The Top 50 Federal IT Blogs

Photo of Allan Rubin by Allan Rubin, Vice President, Marketing

There’s no shortage of information sources these days. Many of the traditional media companies have moved their products online as print and direct mail have given ground to more immediate and searchable electronic rags. Of course, Web 2.0 made everyone with a keyboard and pajamas a publisher. One only needs to watch CNN and Fox News during election season to recognize how low the barriers are to becoming a well-known and influential blogger.

Even in our relatively narrow industry, it’s hard to complete a Google search or visit a social media site without tripping over one information source after another. But which deserves your time and attention? More important, which are your customers and prospects reading? And which are they contributing to as writers, giving you a peek at their challenges?

FedTech just published its list of 50 Must-Read Federal Government IT Blogs for 2013. The editors asked the government IT community to recommend their favorites.

fedtech-must-read-150

If you’re selling or marketing to government IT decision-makers, I recommend you check out the list and pick at least a few of these to follow regularly. The list includes blogs produced by well-known pontificators, vendors, solution providers, government agencies, government and former government IT leaders, and media companies. These dynamic information sources can give you great insight into partnering opportunities, the competitive landscape, market trends, and potential sales.

On a more selfish note, I’m thrilled to see that Government Sales Insider made the list. I hope you’re finding it as valuable as they think it is! Here’s what they said:

Government Sales Insider

This resource for government technology contractors features blog posts from 11 different experienced IT professionals. Building relationships between the public and the private sector is one of the fastest ways to bring better technology to government employees and American citizens. This blog covers contracting, sales, marketing and market intelligence, making it an extremely valuable resource for tech companies.

Must-Read Post: Convergence Driving DOD Investments and the Need for IT Products

Follow: @immixGroup_Inc | Read the blog: blog.immixgroup.com

The list also included Federal Technology Insider, through which many immixGroup clients share information on how government is using technology to solve complex business problems.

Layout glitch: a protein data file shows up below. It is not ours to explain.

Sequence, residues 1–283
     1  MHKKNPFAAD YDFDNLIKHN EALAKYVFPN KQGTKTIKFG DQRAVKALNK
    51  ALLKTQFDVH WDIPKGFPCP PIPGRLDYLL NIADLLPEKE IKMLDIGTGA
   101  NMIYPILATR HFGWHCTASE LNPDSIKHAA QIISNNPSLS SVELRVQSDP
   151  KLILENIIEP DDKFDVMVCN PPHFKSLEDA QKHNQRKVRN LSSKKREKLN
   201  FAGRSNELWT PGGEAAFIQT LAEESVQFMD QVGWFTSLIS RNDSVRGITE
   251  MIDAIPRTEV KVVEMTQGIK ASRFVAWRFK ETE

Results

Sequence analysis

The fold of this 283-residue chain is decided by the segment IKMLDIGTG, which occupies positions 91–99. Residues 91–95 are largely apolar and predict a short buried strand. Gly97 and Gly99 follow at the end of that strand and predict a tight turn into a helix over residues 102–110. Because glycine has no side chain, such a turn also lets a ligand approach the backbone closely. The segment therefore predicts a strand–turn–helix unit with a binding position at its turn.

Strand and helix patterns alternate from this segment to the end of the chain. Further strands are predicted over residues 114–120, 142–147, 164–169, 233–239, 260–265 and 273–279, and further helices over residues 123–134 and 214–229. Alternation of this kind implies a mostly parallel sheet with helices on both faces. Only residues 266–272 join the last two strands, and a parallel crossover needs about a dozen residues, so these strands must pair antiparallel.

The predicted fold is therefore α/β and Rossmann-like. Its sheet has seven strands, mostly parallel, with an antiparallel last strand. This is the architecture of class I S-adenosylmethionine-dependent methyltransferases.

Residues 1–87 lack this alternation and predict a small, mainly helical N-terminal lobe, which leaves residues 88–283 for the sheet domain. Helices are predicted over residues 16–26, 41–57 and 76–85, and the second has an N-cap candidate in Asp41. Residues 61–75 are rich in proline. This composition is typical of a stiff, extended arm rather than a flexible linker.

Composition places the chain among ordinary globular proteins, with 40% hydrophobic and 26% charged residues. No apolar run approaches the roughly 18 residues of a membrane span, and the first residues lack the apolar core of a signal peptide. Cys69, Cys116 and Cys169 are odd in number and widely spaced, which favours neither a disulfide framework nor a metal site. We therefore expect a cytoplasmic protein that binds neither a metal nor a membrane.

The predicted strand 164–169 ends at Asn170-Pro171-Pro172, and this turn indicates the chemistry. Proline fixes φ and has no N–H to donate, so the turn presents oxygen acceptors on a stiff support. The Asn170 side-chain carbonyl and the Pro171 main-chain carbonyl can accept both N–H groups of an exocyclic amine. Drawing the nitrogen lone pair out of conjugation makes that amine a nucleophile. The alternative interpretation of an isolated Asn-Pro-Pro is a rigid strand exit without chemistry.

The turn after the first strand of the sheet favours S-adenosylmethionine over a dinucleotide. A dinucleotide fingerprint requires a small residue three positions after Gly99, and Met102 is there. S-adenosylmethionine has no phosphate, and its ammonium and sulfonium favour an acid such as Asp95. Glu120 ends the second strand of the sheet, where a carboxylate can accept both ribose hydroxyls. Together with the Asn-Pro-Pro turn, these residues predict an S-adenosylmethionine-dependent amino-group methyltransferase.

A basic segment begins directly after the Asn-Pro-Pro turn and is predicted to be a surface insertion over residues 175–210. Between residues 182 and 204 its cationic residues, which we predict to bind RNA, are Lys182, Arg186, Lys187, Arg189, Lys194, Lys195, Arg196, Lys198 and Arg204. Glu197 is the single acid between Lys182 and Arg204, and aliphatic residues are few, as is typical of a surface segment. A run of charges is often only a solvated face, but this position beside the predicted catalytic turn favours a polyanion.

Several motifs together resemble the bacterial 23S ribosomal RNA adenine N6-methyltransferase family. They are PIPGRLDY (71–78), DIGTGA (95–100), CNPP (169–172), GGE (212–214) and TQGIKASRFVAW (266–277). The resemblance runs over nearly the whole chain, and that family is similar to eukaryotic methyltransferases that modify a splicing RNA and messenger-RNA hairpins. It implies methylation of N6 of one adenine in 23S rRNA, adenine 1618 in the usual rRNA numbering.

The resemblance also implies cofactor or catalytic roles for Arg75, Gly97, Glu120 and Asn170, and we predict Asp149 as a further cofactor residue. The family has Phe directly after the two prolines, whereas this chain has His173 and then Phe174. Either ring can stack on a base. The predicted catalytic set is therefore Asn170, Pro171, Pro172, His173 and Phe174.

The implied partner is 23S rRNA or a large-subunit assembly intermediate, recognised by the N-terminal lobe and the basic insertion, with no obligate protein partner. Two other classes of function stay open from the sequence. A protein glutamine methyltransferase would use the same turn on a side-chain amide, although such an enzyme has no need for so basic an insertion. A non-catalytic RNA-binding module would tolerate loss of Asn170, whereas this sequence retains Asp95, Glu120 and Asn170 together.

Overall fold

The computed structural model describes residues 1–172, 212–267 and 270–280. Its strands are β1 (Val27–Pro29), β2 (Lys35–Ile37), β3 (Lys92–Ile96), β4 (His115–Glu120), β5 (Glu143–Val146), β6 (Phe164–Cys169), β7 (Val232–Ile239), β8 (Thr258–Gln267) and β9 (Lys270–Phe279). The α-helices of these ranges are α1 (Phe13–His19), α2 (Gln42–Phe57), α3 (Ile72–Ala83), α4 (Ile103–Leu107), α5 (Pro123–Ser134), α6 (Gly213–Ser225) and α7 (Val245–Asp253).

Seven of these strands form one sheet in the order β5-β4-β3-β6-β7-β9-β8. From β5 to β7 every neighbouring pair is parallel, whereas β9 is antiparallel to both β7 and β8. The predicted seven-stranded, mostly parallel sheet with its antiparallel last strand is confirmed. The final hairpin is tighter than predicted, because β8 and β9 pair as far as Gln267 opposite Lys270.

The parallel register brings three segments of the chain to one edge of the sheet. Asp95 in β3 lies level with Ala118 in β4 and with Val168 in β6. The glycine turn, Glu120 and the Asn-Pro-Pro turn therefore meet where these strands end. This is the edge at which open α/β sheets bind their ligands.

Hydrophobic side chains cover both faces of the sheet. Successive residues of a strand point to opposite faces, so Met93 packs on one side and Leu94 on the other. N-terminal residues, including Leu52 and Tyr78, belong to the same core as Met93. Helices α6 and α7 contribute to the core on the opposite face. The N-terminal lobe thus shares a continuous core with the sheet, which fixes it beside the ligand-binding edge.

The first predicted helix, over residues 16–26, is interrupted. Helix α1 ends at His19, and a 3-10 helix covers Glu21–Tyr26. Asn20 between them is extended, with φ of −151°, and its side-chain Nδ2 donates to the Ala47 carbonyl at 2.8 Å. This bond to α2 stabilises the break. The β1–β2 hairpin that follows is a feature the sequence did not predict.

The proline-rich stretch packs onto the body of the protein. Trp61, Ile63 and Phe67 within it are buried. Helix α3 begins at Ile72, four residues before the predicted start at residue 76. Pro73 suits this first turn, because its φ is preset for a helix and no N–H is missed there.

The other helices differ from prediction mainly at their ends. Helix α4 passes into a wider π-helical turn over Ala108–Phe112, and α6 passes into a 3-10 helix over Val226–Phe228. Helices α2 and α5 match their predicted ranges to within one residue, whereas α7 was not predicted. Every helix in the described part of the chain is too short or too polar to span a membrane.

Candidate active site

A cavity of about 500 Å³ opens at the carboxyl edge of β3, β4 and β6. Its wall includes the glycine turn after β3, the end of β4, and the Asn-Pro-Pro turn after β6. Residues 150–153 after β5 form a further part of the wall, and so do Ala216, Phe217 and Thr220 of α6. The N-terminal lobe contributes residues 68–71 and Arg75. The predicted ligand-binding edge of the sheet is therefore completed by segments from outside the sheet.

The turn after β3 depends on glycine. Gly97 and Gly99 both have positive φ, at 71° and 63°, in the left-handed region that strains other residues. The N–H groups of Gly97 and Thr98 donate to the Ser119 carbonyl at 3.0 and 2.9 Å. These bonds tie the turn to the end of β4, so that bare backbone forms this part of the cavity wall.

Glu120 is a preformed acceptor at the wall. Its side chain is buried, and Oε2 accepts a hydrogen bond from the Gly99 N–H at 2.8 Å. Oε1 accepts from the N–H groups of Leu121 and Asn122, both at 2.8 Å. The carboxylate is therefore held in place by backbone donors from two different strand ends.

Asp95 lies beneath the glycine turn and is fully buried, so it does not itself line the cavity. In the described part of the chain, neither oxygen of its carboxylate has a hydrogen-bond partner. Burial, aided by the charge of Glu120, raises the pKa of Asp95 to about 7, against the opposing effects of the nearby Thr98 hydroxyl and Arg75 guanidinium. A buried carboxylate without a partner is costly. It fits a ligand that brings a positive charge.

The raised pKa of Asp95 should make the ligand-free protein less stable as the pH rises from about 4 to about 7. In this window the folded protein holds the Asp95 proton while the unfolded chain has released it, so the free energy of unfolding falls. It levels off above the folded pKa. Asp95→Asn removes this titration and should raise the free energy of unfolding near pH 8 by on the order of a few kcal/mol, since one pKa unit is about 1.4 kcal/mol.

Federal Technology Insider

Have you ever felt like technology is both a blessing and a curse? You’ll find those exact words on the Federal Technology Insider “About” page. IT is changing the way government functions as smart people solve very challenging problems. This blog addresses those challenges and highlights the innovators that are making real change happen.

Must-Read Post: The Department of Veterans Affairs Embraces Secure BYOD to Improve Service for Military

Follow: @FedTechInsider | Read the blog: federaltechnologyinsider.com

You can find the complete list at the link below. If you like what you see, please share it!

http://www.fedtechmagazine.com/article/2013/11/50-must-read-federal-government-it-blogs-2013

A Busy Week for Government Marketers

Photo of Allan Rubinby Allan Rubin, Vice President, Marketing

This posting is a bit of a catch-all for government marketers, as it seems we’ve just come out of a very busy week. Among the items that have crossed my desk, both good and bad, here are a few of which you should be aware:

Government Media

My alma mater AOL announced it has sold its government portal, AOL Government, to Breaking Media, Inc. (along with other vertical sites for energy, defense, and industry) after a year and a half of publishing. It is yet to be seen how the publisher of Fashionista, Deal Breaker, and Above the Law will handle a government-focused content and advertising product with a social media bent. We wish nothing but the best to government IT publishing veteran Wyatt Kash and his team, who built a great product for AOL, and we look forward to seeing what he does next.

We’re also keeping an eye on Fierce Government IT, which was just named a finalist for a Jesse H. Neal Award for editorial excellence. I remember from my trade publishing days how big a deal that is. Congratulations to publisher Ron Lichtinger, executive editor Dave Perera, and managing editor Molly Walker for their work on this Web site and newsletter. It has been a busy year for Dave, who just co-authored a book with immixGroup’s Steve Charles called the The Inside Guide to the Federal IT Market. (Shameless plug: if you market or sell IT to the government, buy this book.)